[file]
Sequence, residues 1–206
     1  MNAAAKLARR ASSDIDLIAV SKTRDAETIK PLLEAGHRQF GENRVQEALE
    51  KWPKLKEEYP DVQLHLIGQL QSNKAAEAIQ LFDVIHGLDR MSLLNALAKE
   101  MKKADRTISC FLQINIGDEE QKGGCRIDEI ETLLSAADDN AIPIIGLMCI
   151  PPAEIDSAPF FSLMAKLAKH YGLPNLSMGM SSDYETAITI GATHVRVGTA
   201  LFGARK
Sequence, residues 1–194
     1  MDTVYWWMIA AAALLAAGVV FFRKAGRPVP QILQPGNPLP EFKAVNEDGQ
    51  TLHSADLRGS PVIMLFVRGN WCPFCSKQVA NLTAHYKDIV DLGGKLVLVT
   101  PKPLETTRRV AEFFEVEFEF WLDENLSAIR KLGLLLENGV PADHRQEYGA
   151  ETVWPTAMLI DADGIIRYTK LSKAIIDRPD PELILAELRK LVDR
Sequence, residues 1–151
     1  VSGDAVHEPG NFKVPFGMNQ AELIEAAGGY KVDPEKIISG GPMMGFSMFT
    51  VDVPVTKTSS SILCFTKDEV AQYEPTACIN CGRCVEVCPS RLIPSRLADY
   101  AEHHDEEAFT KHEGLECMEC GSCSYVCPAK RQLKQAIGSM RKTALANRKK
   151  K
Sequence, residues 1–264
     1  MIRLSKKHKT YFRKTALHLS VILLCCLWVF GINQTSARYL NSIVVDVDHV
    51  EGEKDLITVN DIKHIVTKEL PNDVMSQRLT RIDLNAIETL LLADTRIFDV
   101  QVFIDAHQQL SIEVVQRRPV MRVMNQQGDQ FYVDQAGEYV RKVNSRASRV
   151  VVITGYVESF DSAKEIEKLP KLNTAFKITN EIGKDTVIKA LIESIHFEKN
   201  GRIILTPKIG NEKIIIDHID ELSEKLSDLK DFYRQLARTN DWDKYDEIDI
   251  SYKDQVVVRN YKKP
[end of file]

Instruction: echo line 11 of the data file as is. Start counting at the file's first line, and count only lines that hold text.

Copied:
   151  ETVWPTAMLI DADGIIRYTK LSKAIIDRPD PELILAELRK LVDR